Scenario 1 saves 26.58 gigatons of carbon dioxide equivalent emissions by 2050. The net first cost to implement is US$206.75 billion, and the lifetime net operational cost is US$2.33 trillion. The lifetime net profit is US$1.75 trillion.
Scenario 2 saves 42.31 gigatons of carbon dioxide equivalent emissions by 2050. The net first cost to implement is US$272.91 billion, and the lifetime net operational cost is US$3.12 trillion. The lifetime net profit is US$2.36 trillion. Global livestock yield increases 1.2 million metric tons from 2020 to 2050.
Lal et al. (2018) estimate a range of 0.55–1.90 for the technical potential of carbon sequestration by silvopastures. The annual impact of silvopasture in 2030 of 0.55–1.07 gigatons of carbon dioxide equivalent per year is closely in line with Lal et al.’s 2018 benchmark.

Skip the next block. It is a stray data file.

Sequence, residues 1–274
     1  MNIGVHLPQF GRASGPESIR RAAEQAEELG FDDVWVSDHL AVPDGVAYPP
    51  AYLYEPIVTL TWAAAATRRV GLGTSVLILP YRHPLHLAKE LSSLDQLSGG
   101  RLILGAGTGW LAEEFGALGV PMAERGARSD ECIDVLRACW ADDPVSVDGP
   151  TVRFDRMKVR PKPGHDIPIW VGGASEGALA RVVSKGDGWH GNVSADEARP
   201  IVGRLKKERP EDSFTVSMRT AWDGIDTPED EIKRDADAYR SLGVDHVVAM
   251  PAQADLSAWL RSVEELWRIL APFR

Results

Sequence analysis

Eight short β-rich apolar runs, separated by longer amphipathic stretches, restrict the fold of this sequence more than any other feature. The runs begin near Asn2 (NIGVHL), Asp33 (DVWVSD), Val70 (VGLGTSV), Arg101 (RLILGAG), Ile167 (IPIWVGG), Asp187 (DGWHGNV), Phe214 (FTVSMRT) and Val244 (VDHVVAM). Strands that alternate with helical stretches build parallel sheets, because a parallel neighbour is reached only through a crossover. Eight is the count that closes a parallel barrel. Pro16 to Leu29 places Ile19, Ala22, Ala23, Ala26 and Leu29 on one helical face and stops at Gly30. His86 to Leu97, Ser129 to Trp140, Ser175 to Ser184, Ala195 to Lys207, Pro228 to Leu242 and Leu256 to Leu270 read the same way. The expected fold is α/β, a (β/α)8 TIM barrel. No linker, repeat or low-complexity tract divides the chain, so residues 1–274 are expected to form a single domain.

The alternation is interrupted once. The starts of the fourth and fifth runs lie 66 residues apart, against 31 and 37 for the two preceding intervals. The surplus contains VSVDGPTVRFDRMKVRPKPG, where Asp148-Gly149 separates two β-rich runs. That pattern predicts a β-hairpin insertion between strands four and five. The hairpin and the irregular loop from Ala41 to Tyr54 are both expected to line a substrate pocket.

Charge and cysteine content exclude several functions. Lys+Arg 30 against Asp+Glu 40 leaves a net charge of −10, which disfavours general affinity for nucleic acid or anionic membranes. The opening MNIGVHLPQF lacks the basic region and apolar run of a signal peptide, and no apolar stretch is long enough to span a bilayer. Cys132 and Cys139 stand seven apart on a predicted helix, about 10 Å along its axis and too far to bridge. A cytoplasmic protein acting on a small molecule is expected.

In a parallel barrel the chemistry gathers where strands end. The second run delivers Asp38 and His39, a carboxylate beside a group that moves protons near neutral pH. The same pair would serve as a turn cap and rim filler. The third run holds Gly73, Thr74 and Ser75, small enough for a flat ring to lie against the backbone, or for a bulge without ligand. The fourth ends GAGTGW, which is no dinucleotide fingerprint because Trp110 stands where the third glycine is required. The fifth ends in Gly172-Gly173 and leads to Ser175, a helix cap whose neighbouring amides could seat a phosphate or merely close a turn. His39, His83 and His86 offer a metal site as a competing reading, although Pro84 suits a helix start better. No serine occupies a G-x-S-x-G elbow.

This analysis could be improved with additional data points on financials. Better data on current and projected adoption would be of use as well, as would projections of mitigation impact. More research on the suitable area of global grassland, with sufficient rainfall to permit tree growth, is also essential to precisely determine the potential impact of this solution.
Silvopasture is the highest ranked of all of Project Drawdown's agricultural solutions in terms of mitigation impact, though it has received little attention. It should be a priority for scaling up wherever grasslands are humid enough to permit tree growth. This is particularly important given the need to produce climate-friendly livestock products to meet global demand for meat and dairy, even with our plant-based diet and reduced food waste projections.